Well, what do you know? After teasing us with $60 WTI in June, oil is once again testing the bottom in the low $40s, thanks to negative supply drivers coming out of Saudi Arabia, Iran and Iraq, not to mention a resilient U.S. production profile. And industry attitude is in a funk. Woe is we. When will it all end? Is there hope for oil and gas producers and investors?
Maynard Holt thinks so. The affable co-president and head of E&P investment banking for Tudor, Pickering Holt & Co., paints a picture of optimism for invested industry players. Speaking to the Houston Producers Forum in August, Holt laid out 10 reasons to believe in silver linings with the directive that “we should all be truly positive.” Here’s why:
Massive efficiency gains are emerging. Every company, every employee, every investor is obsessed with efficiency, he said, and “good things are going to happen.”
Limited exploration success globally. While it sounds like a negative, the sparse success in international well results bodes well for an oversupplied oil market. “We’re just not finding [as many reserves] anymore. Commitment to exploration is going away. It’s a wing of the business that is no longer feeling investment.”
The coming pain cures the system. While a handful of companies put rigs back to work at $60 oil, “nobody’s going to do that now” sub $50. After almost a year of price protection with hedged production, many operators will finally have to weather the hurricane in the open market in 2016. “We don’t have another year to figure it out. We’ll enter 2016 with fewer hedges as an industry than we’ve ever had. That’s good, because the recovery will get here sooner.”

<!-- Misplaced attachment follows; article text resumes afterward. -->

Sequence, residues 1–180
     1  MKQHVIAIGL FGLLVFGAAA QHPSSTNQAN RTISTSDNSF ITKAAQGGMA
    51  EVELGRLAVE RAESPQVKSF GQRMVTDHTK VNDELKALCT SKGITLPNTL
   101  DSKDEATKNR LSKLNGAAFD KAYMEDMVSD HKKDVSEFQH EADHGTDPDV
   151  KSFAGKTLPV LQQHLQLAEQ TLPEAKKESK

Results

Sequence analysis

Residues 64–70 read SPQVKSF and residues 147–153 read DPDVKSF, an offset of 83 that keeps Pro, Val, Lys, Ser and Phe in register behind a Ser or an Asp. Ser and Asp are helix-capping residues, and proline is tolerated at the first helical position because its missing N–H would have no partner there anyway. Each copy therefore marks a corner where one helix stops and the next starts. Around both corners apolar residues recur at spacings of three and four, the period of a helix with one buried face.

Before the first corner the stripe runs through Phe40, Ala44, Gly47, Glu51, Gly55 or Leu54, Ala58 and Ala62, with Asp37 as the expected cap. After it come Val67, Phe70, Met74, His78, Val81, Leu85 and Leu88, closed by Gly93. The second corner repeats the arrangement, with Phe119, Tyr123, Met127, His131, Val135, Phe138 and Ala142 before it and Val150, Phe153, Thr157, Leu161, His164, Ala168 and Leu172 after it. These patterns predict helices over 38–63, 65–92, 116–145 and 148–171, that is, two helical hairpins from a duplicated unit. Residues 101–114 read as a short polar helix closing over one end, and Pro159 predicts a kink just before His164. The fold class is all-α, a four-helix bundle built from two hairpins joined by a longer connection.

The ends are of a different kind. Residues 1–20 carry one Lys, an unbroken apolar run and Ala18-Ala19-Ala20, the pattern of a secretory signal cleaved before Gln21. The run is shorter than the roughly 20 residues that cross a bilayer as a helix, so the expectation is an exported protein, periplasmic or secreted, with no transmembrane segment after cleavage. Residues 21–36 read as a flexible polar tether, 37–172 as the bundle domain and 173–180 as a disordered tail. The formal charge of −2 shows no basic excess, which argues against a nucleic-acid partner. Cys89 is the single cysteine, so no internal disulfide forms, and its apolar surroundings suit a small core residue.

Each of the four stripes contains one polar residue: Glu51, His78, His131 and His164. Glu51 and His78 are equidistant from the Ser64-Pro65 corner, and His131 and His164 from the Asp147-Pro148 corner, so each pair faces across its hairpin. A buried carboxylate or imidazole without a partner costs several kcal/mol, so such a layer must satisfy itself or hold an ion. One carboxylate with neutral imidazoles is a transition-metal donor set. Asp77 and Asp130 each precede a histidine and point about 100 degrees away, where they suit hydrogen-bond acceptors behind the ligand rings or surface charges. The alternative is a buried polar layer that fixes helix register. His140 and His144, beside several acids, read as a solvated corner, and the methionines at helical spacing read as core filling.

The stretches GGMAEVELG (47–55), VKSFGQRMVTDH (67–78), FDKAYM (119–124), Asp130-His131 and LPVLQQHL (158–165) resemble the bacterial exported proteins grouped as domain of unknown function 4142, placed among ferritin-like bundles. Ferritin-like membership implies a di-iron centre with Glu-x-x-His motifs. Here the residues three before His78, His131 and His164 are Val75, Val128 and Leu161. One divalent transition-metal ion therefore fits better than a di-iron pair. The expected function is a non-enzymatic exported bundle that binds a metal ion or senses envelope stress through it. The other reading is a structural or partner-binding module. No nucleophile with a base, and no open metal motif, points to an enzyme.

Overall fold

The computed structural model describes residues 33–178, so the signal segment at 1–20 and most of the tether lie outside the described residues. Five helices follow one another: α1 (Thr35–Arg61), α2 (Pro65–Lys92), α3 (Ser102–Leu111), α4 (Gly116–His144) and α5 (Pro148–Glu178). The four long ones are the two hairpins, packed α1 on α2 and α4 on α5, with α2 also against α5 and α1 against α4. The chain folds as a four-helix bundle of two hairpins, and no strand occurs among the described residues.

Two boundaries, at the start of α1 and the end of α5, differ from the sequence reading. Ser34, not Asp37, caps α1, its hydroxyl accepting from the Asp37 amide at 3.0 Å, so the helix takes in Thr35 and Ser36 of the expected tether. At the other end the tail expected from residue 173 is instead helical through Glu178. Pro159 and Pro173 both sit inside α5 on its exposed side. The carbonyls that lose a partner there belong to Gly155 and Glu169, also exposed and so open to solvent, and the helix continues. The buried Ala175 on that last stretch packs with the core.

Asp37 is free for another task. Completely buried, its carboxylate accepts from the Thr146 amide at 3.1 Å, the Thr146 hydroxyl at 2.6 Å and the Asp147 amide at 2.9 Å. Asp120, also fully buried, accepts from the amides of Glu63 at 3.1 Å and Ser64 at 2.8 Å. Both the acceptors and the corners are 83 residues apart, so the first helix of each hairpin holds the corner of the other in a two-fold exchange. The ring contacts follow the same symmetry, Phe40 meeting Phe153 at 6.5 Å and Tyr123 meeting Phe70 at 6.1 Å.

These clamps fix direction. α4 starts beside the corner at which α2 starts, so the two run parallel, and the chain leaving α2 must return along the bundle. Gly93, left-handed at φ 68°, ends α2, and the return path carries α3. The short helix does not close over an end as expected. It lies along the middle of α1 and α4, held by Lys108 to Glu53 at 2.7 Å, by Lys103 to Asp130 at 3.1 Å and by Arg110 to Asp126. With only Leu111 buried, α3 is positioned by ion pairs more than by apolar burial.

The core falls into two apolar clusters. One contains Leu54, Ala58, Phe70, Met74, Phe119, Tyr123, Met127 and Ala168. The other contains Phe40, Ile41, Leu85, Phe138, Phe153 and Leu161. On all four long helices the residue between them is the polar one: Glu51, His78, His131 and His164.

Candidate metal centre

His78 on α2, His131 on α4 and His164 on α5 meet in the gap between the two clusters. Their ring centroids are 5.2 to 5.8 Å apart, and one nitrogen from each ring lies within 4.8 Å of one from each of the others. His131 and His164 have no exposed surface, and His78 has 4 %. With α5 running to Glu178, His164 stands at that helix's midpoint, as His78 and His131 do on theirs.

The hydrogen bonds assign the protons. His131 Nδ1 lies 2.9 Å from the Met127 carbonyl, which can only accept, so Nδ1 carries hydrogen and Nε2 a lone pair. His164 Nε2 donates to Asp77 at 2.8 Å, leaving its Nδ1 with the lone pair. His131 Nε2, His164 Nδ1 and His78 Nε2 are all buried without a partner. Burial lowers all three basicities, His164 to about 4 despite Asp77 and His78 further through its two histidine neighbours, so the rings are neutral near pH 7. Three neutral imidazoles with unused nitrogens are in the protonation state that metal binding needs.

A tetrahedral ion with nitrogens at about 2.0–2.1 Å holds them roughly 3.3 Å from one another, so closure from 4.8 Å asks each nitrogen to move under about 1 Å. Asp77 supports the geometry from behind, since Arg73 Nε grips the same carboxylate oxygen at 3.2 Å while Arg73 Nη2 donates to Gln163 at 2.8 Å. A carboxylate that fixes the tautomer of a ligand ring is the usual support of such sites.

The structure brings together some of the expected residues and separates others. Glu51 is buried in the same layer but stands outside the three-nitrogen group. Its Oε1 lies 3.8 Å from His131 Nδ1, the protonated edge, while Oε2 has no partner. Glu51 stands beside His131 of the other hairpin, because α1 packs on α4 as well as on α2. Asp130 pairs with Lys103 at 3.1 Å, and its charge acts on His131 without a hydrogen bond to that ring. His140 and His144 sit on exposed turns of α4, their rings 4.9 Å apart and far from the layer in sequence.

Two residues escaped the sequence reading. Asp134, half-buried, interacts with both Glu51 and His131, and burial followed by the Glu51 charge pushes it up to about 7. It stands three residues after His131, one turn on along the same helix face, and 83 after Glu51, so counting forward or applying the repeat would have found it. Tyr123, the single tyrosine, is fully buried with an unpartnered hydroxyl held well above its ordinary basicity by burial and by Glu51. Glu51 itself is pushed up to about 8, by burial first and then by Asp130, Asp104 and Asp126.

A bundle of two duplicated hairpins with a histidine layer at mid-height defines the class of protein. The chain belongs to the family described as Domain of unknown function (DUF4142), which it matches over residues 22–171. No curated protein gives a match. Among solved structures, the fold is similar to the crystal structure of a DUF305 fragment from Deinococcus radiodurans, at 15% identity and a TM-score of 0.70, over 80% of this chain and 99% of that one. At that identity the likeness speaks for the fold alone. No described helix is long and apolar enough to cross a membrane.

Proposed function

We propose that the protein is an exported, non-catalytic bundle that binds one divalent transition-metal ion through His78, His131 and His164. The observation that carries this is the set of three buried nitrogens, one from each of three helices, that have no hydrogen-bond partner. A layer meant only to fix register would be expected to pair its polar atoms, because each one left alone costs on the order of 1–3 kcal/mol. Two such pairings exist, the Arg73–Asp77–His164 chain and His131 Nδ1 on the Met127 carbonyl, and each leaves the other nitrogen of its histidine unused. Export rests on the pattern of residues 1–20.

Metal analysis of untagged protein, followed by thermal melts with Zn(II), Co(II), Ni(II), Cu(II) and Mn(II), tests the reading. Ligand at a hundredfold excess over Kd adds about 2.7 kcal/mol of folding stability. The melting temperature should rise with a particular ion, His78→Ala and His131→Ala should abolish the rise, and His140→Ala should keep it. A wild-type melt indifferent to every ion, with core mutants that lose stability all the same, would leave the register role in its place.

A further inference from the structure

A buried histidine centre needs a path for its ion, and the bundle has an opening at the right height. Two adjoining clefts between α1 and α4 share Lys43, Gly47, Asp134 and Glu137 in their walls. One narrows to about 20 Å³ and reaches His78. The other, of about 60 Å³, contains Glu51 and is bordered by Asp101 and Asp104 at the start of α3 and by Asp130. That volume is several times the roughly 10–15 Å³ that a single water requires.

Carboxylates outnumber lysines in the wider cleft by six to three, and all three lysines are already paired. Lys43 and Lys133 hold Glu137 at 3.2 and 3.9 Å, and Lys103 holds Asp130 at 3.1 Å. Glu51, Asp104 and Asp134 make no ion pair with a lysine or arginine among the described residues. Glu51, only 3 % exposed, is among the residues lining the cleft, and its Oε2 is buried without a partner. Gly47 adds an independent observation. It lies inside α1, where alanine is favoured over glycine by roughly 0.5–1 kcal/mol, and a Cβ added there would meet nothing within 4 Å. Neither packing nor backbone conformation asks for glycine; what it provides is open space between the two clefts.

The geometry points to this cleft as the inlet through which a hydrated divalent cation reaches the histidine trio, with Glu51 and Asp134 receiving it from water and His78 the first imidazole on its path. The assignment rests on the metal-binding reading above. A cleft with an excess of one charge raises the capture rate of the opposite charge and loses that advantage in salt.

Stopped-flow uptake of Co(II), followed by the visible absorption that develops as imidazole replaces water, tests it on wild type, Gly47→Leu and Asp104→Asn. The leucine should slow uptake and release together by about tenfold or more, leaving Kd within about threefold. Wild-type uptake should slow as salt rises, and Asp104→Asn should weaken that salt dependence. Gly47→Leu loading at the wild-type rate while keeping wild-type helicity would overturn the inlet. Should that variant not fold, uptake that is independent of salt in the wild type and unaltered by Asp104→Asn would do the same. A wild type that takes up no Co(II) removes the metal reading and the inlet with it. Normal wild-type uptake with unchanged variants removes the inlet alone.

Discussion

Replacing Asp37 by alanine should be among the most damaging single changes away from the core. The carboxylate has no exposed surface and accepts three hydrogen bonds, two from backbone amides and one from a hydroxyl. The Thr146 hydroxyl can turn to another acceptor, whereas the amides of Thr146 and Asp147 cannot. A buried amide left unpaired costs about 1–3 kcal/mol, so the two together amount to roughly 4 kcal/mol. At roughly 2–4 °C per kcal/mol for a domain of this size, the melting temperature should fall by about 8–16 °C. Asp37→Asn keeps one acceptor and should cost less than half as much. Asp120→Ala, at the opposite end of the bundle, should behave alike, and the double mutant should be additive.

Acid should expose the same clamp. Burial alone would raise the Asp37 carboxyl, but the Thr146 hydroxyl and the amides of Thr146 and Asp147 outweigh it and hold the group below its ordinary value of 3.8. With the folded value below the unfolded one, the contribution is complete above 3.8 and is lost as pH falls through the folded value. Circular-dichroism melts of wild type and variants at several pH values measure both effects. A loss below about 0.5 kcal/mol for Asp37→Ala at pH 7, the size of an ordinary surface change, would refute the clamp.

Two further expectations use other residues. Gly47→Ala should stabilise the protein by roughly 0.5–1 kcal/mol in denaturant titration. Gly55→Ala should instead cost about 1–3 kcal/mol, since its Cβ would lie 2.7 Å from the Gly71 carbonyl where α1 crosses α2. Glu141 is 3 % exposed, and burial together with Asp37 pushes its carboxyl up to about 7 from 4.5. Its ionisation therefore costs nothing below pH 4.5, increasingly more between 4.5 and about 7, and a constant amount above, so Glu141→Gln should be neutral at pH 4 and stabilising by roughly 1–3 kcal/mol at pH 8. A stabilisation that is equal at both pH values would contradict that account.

Increasing scarcity value of good real estate. It’s been said before, but the global oil crisis brings it more into focus: Lower 48 reserves look pretty darn good when compared to the unpredictability and political risk of tapping reserves anywhere else in the world. “The U.S. gets better every day. We talk about bid-ask spread here, but there is zero confusion over what real estate you should own over the next five to 10 years.”
Mexico and the emergence of “North America-PEC.” “Mexico is a country trying to remake itself” with increased oil and gas investment. Add Canada to the triumvirate of North American producing countries, and together total production of almost 20 MMboe tops OPEC’s top three producing countries. Additionally, “the collision of cheap U.S. gas with Mexican labor could be dramatic for them and for us.”
We are the Saudi Arabia of natural gas. Will natural gas hang below $4 per Mcf forever? Holt asks. “Maybe, but it’s the absolute best fuel in the world, and we have the most of it and produce it at the lowest price. It’s the right fuel and we have it in a dominant way.”
Global capital availability. The world is awash in capital seeking good investment returns, Holt pointed out, particularly in the energy space. First-quarter 2015 saw a record amount of equity issuances almost topping $11 billion, and more awaits. “We have to get things reset, and when we do, capital is going to be very available.”
Uniqueness of the U.S. globally. With varied international clients, Holt observes that the uniqueness of the U.S. trending up since the financial crisis in 2009. “If I ask an oil and gas executive about Russia, they don’t want to go there. We have a lot of investors outside the United States that just want to put their money here.”
Demand response. Low prices cure low prices, and demand is already up as people are using more fuel. TPH estimates a simple 1% growth in global demand will cure the oversupply problem, he said. “So far we’re seeing numbers in excess of that.”
Potential for outsized returns. Holt thinks E&P stocks are oversold—way oversold. “Nobody has the conviction to buy these stocks now, which may be the time to do it. Too many buyers have gone home. There’s an opportunity now to hit home runs.
“I don’t see how we can sit at this price level” for long, he said, “I just don’t see it. I think we’ll have a different world very quickly.”
And while he gave tempered support to TPH’s own 2016 price forecast of $80, he pointed to the swing in operator attitudes when oil lingered briefly at $60. “We don’t need a big price recovery to have a dramatically different world.”